Right now we have a tendency to turn off kids at every step in the process by delivering theory first. Eventually the experts get what they need but only after suffering through 12 years of torture playing catch with people who can't catch. Many of the non-experts get turned off before they get the basics of application and leave school unable even to use a calculator properly. Wouldn't it be exciting to demonstrate some neat result and have kids jaws drop and quiz you on why that works? Wouldn't that lead to more interest than theory first?
Isn't it true that history and science are taught this way now? Two subjects that my middle school students love! Hmmmmmm.
Tuesday, April 20, 2010
"Eat, Poop, and Play! That's my life!"
This, even more candid assertion, set me back on my heels a bit and I was curious to know how he had come to this frame of mind so I asked him what he thought his parents life consisted of. His response?
"Parents? My parents work for me!"
At first, this exchange simply tickled me in the same way that any number of open, uninhibited kid conversations do, but this one was different. It's been rattling around in my head for a week now and I can't shake it. It's one of those throw off comments that has more truth than humor in it, I suspect.
It's made me ponder the entire relationship of middle school kids to school and more specifically the role of education from their perspective. In this modern world, how many people really need math anymore? You can get a job at McDonald's and have the register do all the math you'll ever need for work. You can get a phone that has a sophisticated calculator in it. You can get computer programs to perform all manner of things that we used to accomplish only through painstaking pencil and paper scribbles.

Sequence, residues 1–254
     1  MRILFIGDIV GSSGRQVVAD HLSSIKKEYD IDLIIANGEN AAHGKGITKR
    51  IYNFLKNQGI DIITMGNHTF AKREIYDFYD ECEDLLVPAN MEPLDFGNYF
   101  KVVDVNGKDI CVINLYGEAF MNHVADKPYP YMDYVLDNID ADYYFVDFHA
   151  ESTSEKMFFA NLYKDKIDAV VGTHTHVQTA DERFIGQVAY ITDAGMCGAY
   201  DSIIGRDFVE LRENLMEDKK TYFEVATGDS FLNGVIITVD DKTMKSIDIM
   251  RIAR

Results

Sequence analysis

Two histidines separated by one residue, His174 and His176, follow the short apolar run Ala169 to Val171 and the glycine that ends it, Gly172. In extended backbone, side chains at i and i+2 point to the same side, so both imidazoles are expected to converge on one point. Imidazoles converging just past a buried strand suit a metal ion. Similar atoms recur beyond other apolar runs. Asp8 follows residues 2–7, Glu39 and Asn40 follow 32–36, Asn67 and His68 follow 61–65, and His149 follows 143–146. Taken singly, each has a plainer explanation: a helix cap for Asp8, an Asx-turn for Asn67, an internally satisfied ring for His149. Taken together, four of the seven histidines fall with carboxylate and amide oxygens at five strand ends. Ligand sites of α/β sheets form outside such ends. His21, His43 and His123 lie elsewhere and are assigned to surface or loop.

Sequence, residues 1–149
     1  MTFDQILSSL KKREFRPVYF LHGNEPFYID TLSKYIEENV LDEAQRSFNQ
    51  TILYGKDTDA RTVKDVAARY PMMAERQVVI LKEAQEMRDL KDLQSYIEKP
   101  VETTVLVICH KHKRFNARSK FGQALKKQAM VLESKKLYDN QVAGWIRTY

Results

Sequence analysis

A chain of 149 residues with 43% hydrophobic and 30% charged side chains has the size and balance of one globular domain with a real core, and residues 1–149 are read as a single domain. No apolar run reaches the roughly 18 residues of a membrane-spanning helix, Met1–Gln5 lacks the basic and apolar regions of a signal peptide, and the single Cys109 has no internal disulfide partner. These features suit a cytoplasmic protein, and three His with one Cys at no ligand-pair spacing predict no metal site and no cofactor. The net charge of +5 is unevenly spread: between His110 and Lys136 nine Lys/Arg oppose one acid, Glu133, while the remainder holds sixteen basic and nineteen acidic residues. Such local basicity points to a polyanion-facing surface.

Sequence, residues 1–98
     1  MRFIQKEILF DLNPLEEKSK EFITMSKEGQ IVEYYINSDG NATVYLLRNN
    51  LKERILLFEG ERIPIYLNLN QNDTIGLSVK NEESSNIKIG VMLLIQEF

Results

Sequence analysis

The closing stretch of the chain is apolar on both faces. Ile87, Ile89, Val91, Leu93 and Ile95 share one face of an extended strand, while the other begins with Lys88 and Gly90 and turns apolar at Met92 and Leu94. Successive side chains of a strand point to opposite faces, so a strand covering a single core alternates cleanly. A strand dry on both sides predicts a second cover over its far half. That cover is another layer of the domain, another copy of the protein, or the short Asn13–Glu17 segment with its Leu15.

So I'll pose a simple thought experiment to you all. How many people actually need a math education in the modern world that goes beyond knowing the number system and the names of simple geometric shapes? What careers would people be limited to if their mathematical knowledge was this limited? What careers would they be truly excluded from pursuing?
Have my kids figured out what they need from their perspective and is our push to have them all learn algebra simply a throwback to a time when it was more important in a world bereft of gadgets? Are my (disadvantaged) kids making a perfectly rational decision when they don't apply themselves to math?
How much education do you really need for a life of: eat, poop, and play?
Monday, April 19, 2010
Will Burrow gave me permission to post this reaction:
I have read about half of it. for $16 it is the buy of the century. Anyone who teaches a child must read the book and keep it close at hand forever. The book has solid suggestions for delivering any type of material--and yes it validates DI.Another Will Burrow link.